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Democracy In Israel, Future Palestinian Leadership  
User currently offlineTbar220 From United States of America, joined Feb 2000, 7013 posts, RR: 26
Posted (11 years 6 months 3 weeks 5 days 6 hours ago) and read 2158 times:

Ok, this isn't meant to start a flame war. Just some points I want to make.

First of all, I want to show you an example of democracy at work in Israel. Israel's parliamentary body consists of 120 seats (the Knesset). Arab Israeli's are represented in the Knesset, and two of the members of the Knesset had some controversy surrounding them. There are two Arab members of the Knesset named Ahmed Tibi and Yohb Kara (not sure about the spelling, I only know it in Hebrew). They have both preached that the only solution to the problems was the end of Israel's existence. Specifically, Ahmed Tibi has gone around to Syria, Lebanon, Jordan, Iraq, and Saudi Arabia preaching the destruction of Israel to their leaders, and showing his support to the groups there.

So how did the government react to this? Through a vote, they expelled the two members from the Knesset. Yet, the Supreme Court in Israel (highest court of the country) ruled that they could not do that, and allowed them back in the Knesset, where they remain today. This is a great example of democracy at work in Israel.

***

Secondly, I want to talk about the future Palestinian leadership. I think the first step towards the solution of the violence will be a new leader for the Palestinians. I don't know who would take his place, but it cannot be somebody who will be supportive of Hamas and Jihad, because these are the groups which are the most destructive to both sides. And then this new leader needs the support of the Arab nations, but not just their blind support, but their support towards a peaceful resolution.

One nation that is showing that it wants an end to this is Egypt. Hoping to influence Israeli elections to get Mitzna into office, they had a conference trying to get Palestinian terrorist groups to stop their attacks. But at least they're trying to get a cease fire, which is a start. Other Arab nations also supported Mitzna, including Syria, Jordan, and the Palestinians.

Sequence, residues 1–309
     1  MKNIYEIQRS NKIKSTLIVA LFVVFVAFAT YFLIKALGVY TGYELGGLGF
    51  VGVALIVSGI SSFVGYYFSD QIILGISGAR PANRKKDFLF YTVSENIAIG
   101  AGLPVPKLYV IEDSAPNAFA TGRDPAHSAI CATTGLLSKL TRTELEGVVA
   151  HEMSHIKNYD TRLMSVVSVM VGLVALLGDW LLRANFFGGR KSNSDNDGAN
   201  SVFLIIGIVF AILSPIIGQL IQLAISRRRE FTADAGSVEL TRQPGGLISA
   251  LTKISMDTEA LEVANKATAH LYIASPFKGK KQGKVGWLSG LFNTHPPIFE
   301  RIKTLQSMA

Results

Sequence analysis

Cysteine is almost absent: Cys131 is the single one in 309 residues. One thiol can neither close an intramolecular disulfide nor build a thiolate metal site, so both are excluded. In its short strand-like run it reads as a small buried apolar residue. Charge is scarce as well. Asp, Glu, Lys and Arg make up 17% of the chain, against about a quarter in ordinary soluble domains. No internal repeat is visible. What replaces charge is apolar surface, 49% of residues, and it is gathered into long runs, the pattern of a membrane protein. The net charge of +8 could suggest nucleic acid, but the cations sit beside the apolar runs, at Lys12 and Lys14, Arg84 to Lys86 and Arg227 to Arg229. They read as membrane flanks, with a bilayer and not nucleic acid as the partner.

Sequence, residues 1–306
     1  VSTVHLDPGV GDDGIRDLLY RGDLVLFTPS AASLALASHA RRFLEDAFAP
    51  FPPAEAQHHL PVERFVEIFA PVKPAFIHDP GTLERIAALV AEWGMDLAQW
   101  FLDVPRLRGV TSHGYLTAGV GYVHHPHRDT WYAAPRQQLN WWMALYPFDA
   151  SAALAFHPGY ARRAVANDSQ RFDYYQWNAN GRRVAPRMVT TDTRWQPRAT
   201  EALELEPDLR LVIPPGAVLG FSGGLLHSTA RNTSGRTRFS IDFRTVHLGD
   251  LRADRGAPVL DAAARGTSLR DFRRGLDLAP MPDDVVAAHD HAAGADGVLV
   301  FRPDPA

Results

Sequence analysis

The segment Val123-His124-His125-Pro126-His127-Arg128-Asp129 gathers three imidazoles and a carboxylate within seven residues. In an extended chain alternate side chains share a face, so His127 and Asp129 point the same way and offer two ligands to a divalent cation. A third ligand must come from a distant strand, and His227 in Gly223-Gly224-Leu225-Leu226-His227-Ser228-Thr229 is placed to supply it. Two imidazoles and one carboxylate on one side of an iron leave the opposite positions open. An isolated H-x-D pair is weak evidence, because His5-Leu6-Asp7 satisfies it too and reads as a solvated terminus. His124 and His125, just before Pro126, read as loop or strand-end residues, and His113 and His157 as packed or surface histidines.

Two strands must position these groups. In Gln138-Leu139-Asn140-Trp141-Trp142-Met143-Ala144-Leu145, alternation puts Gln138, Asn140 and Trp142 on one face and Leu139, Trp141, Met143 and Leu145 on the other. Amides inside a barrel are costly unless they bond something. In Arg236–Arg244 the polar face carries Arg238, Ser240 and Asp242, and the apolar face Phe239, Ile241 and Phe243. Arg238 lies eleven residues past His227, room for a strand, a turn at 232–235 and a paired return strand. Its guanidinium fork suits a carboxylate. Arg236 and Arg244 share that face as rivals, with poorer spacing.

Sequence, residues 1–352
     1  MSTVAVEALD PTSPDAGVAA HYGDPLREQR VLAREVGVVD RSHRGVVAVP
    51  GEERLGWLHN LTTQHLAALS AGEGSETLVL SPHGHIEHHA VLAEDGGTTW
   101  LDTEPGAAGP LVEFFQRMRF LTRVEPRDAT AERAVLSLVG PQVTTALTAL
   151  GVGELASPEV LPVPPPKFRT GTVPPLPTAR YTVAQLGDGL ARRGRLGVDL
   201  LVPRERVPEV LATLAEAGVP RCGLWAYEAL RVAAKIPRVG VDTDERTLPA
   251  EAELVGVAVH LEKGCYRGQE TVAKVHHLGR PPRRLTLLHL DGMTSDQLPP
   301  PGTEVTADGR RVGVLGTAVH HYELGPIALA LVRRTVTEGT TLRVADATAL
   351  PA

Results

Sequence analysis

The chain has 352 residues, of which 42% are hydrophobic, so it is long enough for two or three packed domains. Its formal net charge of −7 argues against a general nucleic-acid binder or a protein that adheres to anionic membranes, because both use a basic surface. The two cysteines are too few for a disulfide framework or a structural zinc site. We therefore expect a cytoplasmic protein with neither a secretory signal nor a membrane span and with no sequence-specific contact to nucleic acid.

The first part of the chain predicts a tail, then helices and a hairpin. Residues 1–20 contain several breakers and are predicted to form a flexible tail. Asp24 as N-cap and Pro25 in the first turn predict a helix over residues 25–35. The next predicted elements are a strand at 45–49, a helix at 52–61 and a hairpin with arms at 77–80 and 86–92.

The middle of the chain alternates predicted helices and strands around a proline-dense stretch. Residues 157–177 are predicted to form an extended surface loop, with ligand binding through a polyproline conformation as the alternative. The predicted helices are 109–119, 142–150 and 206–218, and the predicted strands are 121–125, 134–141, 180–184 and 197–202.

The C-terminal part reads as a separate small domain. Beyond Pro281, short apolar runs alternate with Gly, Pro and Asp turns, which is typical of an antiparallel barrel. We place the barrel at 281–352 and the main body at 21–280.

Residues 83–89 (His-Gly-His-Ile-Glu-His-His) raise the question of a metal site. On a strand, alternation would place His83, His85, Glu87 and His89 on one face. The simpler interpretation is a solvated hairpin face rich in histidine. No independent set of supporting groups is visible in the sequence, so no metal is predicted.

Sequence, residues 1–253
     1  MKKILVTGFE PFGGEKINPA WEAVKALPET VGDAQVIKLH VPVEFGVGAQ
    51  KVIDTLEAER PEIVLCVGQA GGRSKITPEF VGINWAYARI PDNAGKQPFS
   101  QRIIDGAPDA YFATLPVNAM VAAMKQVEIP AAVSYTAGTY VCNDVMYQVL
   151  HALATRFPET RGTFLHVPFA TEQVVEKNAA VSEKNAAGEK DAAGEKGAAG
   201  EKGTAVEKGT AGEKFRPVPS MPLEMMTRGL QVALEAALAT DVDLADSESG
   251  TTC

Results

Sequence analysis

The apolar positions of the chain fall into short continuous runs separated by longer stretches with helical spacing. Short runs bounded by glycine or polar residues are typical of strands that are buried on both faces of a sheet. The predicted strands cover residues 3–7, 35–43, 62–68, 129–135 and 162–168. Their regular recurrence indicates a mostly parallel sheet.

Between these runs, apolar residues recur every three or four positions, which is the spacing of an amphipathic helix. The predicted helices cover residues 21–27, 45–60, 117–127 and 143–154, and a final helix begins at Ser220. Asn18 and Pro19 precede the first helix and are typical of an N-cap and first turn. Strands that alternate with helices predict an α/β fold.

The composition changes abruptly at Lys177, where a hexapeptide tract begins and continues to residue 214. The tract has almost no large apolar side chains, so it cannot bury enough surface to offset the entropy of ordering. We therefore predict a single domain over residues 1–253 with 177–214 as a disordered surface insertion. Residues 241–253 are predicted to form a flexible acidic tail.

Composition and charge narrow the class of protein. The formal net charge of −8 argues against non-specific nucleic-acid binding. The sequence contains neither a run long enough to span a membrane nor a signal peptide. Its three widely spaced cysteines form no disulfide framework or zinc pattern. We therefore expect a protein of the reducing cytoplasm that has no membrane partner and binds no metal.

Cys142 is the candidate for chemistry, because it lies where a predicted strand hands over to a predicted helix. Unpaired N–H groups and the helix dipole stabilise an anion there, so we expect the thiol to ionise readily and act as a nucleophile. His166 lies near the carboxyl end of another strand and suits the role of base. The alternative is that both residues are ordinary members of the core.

So this brings me to my last point, what about Ariel Sharon? Right now, I think he is doing a decent job as Israel's leader. Why do I say this, because I dont see anything better coming from Mitzna. While his intentions are good, the Palestinians abuse this and get what they want out of it, through terrorism. This happened with Rabin, it happened with Peres, and it happened with Barak. The only reason the Palestinians want Mitzna is because they know he's not as tough on his stance as Sharon is. Terrorist groups were able to topple Shamir, Peres, and Barak. So is the Palestinian support of Mitzna true, or is it more influenced by Hamas and Jihad? These groups have recently said that they want Sharon still in office! Now my only explanation for this is so that they will have an excuse to continue carrying out their attacks. They are hoping that by their relentless attacks, the Israelis will vote out Sharon from office. And yet, recent elections showed he has strong support.

So this brings me back to my original point, that any change in this matter needs to start with the Palestinians, and the first step is to have a new leader. Of course I don't have the perfect end all solution to the problems in the middle east, but if its done step by step (starting with Palestinian leadership), then maybe peace can one day be achieved.

Any comments?


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29 replies: All unread, showing first 25:
 
User currently offlineHepkat From Austria, joined Aug 2000, 2341 posts, RR: 2
Reply 1, posted (11 years 6 months 3 weeks 5 days 6 hours ago) and read 2133 times: